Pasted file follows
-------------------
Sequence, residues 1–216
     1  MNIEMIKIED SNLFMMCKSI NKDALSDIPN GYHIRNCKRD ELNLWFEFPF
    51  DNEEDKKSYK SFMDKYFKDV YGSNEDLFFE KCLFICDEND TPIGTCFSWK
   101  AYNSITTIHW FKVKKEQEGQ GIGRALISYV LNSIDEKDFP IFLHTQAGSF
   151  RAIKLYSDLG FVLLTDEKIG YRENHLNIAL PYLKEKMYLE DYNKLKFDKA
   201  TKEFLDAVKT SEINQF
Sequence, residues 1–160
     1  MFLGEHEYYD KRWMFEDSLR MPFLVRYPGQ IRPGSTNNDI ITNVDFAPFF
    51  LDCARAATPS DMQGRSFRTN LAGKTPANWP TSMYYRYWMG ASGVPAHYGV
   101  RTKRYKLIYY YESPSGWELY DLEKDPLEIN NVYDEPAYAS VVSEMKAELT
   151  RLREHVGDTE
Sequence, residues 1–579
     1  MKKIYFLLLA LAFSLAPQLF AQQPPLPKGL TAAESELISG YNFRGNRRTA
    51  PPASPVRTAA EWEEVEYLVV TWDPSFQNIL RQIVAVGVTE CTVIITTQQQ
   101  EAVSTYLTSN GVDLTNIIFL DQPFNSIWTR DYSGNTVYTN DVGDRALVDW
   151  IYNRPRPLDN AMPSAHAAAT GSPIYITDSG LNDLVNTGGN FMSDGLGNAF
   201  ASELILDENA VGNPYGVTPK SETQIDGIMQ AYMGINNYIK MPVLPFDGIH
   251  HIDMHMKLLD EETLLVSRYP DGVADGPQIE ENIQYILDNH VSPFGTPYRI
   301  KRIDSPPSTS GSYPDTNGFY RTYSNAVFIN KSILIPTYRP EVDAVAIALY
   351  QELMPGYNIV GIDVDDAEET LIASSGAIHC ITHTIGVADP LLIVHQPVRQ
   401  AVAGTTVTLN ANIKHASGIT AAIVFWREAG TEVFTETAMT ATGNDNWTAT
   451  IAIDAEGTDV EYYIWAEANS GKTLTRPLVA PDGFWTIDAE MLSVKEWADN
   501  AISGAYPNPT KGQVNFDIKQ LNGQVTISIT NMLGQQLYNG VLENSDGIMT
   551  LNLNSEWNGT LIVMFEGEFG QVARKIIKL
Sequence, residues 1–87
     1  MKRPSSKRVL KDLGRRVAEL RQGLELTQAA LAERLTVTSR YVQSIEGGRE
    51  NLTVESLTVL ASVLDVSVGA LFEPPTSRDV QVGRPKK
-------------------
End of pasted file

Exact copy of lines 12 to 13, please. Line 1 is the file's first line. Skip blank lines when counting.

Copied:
Sequence, residues 1–579
     1  MKKIYFLLLA LAFSLAPQLF AQQPPLPKGL TAAESELISG YNFRGNRRTA